21 September 2008

Online Revealed Caribbean 2008

You just gotta love a company that calls itself A Couple of Chicks E-Marketing, with Alicia Whalen as CEO: Chick Executive Officer. Together with co-founder Patricia Brusha, A Couple of Chicks have been carving out a niche for themselves in the sharp-shooting world of Internet marketing.

Their signature event, Online Revealed Canada, has had a very successful three-year run, and looking hard at the American markets, Alicia and Patricia aimed for the Caribbean as a hot market for e-marketing development. They chose Puerto Rico as the hub for their event. And through the oft-mentioned Kevin Shockey, they got to meet Me.

Unfortunately, I was only able to attend the late first-day session, where Alicia, MC Don Dees (of Dondequiera fame) and I were the blogger panel. If the after-panel comments are an indication--and they usually are--We hit a home run. Both Alicia and Don Dees have "commercial" blogs, blogs aimed at building their businesses, while I have...well, The Jenius. In essence, We were trying to convey the importance a blog can have to creating a conversation with your customers and prospects, especially in the realm of travel and tourism.

There was one dissident voice, someone who almost willfully refuses to "get it," but the fact is, neither he nor anyone else has to be a fan of blogs. What he does to need to acknowledge, though, is that focusing on ROI only on the "traditional" marketing actions means he's entirely missing the true measurement of ROI that Internet marketing (including blogs) can give.

An aside: If he continues to use the "Threaten you with a horrible review unless you give the person a free night's stay" example, I'm going to call him a spineless worm, for he's using the "extreme" example as if it were "common." Here's My less-rancorous answer to that: Suggest and make arrangements for a stay in another hotel more in tune with person's tastes and send the asshole over there.

One question, by Alex, a travel industry consultant, elicited the basis for an e-book I outlined today: How do you manage the logistics of starting a business blog?

My answer--crafted at the moment to answer his question--was a four-step process:

1) Gather sources: From other blogs to websites to suppliers to allied businesses to competitors and don't forget to include customers. Anything that can help you generate content ideas is a source.

2) Make choices: As I pointed out during the panel, some experts say "focus" or "develop a voice," but it all boils down to making choices. What do you want to say? Who are you saying it to? How will you say it? The problem with "focus" or "voice" is that they are not "instant" characteristics: They develop over time. By making choices you simplify the development to the point where you can actually create a blog, rather than just plan one.

3) Be consistent: Not just in time (blogging once a week or every Tuesday/Friday, etc.) or length of post or type of material: In all of it. A corollary is to also Be Flexible (I didn't mention that during the panel.) Consistency means you work a blog like a tool, honing it over time. The flexibility means you adapt it over time to be as responsive as possible.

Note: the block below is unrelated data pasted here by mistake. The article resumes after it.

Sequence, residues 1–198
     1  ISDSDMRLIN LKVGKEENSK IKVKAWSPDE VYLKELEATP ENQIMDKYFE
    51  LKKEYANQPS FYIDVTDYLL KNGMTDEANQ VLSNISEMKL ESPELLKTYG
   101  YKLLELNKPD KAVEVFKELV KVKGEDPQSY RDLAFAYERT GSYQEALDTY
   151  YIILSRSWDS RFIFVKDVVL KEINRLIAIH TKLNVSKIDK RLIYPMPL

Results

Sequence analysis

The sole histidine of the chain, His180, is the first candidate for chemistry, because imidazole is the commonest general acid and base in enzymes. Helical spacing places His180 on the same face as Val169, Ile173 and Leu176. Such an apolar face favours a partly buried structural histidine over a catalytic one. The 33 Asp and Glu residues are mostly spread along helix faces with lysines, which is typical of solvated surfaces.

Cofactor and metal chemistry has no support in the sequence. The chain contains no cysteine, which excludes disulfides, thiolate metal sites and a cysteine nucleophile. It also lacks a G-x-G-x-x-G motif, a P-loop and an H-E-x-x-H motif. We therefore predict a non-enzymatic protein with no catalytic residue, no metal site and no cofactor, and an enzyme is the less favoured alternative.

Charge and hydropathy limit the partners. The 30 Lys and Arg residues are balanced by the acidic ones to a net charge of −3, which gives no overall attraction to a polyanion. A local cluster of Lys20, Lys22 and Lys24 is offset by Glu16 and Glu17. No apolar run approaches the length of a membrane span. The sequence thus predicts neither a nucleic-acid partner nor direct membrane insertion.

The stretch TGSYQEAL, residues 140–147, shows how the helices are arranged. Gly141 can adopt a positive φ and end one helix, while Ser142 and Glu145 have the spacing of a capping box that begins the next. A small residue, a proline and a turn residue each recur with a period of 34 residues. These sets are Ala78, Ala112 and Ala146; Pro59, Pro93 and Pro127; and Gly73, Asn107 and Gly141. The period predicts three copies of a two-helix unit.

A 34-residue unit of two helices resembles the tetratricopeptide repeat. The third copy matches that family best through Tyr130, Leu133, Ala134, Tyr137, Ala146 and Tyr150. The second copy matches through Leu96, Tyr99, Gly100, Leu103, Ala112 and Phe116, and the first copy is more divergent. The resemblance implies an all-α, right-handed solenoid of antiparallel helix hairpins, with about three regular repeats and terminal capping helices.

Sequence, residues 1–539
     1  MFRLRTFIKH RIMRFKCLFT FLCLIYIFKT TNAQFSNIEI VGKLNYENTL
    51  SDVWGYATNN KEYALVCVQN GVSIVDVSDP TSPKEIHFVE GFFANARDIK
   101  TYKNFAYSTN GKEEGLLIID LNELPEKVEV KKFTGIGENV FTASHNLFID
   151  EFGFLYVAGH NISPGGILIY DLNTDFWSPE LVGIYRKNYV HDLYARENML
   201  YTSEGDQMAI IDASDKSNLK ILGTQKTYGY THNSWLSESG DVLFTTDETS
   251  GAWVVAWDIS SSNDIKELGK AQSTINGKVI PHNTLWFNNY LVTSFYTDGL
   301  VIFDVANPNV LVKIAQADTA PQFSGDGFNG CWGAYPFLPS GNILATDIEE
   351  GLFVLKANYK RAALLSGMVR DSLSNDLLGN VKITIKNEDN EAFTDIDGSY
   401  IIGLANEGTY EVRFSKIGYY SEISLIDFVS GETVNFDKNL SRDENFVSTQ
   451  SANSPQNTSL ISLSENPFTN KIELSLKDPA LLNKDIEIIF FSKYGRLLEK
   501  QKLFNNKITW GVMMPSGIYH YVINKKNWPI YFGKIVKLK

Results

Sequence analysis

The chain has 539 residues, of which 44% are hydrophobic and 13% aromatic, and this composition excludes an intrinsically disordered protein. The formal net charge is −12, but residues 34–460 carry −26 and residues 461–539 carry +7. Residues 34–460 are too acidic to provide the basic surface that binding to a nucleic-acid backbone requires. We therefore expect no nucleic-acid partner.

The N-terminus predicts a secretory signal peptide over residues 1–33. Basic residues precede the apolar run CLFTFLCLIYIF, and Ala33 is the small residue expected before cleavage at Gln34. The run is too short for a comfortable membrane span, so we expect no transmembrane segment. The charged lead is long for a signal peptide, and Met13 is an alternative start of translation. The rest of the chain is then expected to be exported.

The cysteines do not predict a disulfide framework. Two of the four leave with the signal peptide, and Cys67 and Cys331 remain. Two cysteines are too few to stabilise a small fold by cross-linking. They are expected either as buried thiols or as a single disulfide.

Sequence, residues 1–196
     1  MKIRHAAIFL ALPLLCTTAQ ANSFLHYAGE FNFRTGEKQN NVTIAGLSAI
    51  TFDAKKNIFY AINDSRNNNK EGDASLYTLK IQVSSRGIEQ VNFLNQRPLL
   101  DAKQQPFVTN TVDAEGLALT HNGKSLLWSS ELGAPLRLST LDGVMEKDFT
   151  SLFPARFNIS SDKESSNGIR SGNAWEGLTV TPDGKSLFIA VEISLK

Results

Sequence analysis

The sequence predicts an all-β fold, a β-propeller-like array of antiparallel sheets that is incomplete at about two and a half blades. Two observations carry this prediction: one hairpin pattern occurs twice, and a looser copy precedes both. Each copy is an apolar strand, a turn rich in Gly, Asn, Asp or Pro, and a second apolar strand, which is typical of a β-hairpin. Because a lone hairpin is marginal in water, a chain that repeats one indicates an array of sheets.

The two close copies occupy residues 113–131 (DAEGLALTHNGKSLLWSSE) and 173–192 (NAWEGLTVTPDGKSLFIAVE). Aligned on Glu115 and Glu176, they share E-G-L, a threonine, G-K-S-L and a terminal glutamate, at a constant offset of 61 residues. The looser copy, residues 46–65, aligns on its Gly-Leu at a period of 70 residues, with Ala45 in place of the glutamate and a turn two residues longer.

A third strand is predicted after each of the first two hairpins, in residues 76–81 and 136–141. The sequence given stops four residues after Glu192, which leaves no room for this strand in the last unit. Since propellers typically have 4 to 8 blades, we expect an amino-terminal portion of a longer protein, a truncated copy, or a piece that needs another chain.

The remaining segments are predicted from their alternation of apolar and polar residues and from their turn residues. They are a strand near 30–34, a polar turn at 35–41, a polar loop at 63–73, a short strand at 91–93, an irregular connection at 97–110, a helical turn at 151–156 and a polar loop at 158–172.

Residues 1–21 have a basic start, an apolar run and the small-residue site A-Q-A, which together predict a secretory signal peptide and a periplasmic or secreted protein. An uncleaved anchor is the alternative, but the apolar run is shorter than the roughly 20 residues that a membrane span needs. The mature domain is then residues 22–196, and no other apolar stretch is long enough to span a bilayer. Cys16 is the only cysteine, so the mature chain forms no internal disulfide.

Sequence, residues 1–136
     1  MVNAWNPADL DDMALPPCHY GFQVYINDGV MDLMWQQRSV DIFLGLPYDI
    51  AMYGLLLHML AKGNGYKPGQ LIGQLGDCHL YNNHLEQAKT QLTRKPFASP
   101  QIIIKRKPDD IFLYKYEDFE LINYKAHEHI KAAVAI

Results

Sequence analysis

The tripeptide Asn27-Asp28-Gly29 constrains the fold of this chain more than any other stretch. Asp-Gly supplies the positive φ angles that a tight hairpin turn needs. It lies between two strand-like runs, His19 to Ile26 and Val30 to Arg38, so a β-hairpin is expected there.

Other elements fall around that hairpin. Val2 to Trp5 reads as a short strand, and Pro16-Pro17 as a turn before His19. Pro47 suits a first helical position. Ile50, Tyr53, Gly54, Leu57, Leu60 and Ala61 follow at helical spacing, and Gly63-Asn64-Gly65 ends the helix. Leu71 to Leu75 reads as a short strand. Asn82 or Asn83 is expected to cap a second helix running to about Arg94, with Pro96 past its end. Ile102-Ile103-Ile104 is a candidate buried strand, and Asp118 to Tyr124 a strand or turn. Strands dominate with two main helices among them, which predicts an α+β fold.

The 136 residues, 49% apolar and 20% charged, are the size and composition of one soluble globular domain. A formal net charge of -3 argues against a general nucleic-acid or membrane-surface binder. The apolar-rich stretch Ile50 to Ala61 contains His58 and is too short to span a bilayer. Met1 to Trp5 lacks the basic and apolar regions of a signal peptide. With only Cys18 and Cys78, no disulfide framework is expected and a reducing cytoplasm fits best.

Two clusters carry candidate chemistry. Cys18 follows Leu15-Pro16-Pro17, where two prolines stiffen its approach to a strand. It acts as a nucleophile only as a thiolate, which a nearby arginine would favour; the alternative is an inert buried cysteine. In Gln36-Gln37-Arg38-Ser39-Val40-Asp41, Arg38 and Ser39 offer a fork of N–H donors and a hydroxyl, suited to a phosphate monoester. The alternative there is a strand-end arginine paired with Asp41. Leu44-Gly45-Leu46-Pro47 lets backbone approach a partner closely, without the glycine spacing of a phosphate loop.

4) Follow-up: A blog, or a website, does not exist in a vacuum. They don't do all the work by themselves, just by virtue of existing. You have to follow-up, connect, explore, pay attention to, adapt and grow...and when you do that with consistency, you will have sharpened effort into focus and presentation into voice.

How do you choose a blogger for your business? Like any other job position. But I did suggest to those present that they could (in the case of a small hotel, for example) put their newest employee in charge of the blog. S/He learns about the hotel faster, their potential role in its growth (or failure) and is more likely to be familiar with the technology and mores of the Web than anyone else on the staff.

And for those who want to start a business-enhancing blog, but especially those in the travel industry, I suggested they search for stories. Stories are the traditional way We have connected since the first campfires. Stories engage, enthrall, connect and convince, all values that marketing has tried time and again to elicit, but has found harder going in this attention-deficit age We live in.

Here's a website I found just after returning from the event: StoryMaps. It allows bloggers to map their posts within Google Maps. I'll let you determine how valuable (and serendipitous) this new service is. And for anyone who mentioned or thought of The Cluetrain Manifesto as part of the blogger panel's discussion, here's an expanded take on what it means now.

I still have some follow-up to do: Joseph Clote of Missouri Meeting & Events magazine asked Me a question I had no answer for (gasp!) about the local Tourism Company's advertising budget; Melinda E. Van Patter, of MarketWire, will receive My e-mail to find out more about integrated press releases; I owe a web stroll through Five Star Alliance, where Cal, Courtney and Jennifer hang out (to work) (apologies if I misspelled a name); and another to AdCision, where Emily and Cal (again!) hang out to work; and last, but not least in any way, I'll call Karla Medina of Caribbean Trading Company to drop in on her store near the foothills of El Yunque rain forest.

Just before I left the event, I suggested We create a blog or wiki to track the development of the 70 attendees to Online Revealed Caribbean and build connections to next year's events. I fully expect We'll do so and I'm very glad We will.


The Jenius Has Spoken.

1 comment:

James said...

I'm bummed I didn't know about this event. I would've come. I wish I could lift my head up above development and look around for more than five seconds.

Hey Gil, next time you hear/attend one of these things, give me a nudge, willya?